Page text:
Excerpt from The Irregulars by Jennet Conant, plus links to reviews, author biography & more

Summary |  Excerpt |  Reviews |  Beyond the Book |  Readalikes |  Genres & Themes |  Author Bio

The Irregulars

Roald Dahl and the British Spy Ring in Wartime Washington

by Jennet Conant

The Irregulars
  • Critics' Opinion:

    Readers' Opinion:

     Not Yet Rated
  • First Published:
    Sep 2008, 416 pages
    Paperback:
    Sep 2009, 416 pages

  • Rate this book


Book Reviewed by:
Donna Chavez

Buy This Book

About this Book

Print Excerpt


It had been expected that he would go on to university, to Oxford or Cambridge, but he had set his heart on adventure abroad. Mother and son were very close -- she had moved the whole family from Wales to England to be nearer his school -- and when he broke the news that he had signed a contract with the Shell Oil Company for a three-year tour in Africa, she had been careful not to betray any hint of emotion. He was more boy than man when he left, and he had been bursting with excitement and too full of thoughts of "palm-trees and coconuts and coral reefs" to feel any guilt as he waved a last farewell to his mother and sisters at the London docks. He had not known then that the war would intervene and that the three years would seem much, much longer -- more like a lifetime.

Dahl was not a demonstrative man, but after barely getting out of Egypt in one piece, he had been desperate to be reunited with his family. The harrowing journey home on the bomb-threatened troopship, which was chased by German submarines in the Atlantic, and by Focke-Wulf aircraft on the last leg of the voyage from Lagos to Liverpool, only heightened his sense of urgency. He had not had an easy time of it. After working so hard to overcome his injuries and return to his squadron, it had been a bitter pill to be grounded after barely a month. On top of his disappointment at being discharged was the disconcerting knowledge that the complications from his concussion were not completely behind him and would most likely bar him from any other frontline service in the war. It was hard to believe that his days of fighting Germans had come to such a quick end, harder still to take leave of his gallant comrades, who would continue with the squadron without him. When he said good-bye to his closest friend, David Coke, the Earl of Leicester's youngest son, who had been kind enough to show a green recruit the ropes, it was impossible not to wonder if they would ever see each other again.*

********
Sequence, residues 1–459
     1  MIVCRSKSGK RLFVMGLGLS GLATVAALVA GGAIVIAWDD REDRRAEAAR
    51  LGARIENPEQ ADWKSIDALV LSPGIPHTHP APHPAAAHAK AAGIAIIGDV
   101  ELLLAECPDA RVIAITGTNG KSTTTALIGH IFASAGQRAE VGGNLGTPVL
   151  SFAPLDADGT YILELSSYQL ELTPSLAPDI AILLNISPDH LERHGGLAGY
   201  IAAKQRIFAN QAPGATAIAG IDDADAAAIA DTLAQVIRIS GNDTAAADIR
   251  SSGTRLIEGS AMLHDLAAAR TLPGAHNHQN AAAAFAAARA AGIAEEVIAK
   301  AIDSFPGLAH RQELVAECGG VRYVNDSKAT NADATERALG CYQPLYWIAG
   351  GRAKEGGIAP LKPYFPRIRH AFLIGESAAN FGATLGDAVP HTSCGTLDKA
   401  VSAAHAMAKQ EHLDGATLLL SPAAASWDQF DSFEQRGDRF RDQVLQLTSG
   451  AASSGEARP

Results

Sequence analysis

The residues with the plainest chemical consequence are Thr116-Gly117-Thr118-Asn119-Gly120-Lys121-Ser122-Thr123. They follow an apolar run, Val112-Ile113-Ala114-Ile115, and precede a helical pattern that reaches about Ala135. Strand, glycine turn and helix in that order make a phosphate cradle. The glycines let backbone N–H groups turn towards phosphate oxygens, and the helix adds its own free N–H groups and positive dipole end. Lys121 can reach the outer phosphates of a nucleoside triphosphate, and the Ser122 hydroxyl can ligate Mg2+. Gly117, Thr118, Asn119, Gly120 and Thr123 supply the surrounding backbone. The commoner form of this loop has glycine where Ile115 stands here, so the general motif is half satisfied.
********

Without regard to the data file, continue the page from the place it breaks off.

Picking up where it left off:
To keep his mother from worrying, Dahl had sent her a brief cable from Egypt telling her he was coming home, adding with false bravado that he was "very fit" and the Syrian campaign had been "fun." He still had not received any word from her when his ship sailed from Freetown for Liverpool, but mail service to Haifa was hardly reliable, and he had had no news from England for some time. As a consequence, he had a bad scare when he arrived at Liverpool and attempted to phone his mother's house in Kent, only to be told by the operator that the number was disconnected months ago. The operator had said, "She'll probably have been bombed out like all the rest of them," and speculated that she had moved elsewhere. An awful lot hung on that "probably." The confusion caused by the blitz, where family members were killed or injured in blasts, buried in rubble, or lost as they scrambled from one temporary shelter to another, made for a nightmarish twenty-four hours until he finally succeeded in tracking them down. It turned out that his mother and two of his sisters had been hiding in the cellar when their house was hit and had promptly packed the dogs and what was left of their belongings into the car and driven around the countryside until they had found a suitable cottage in Grendon Underwood. When the bus ferrying him to the tiny village finally pulled to a halt, Dahl spotted a familiar figure standing patiently by the road and, as he later wrote, "flew down the steps of the bus straight into the arms of the waiting mother."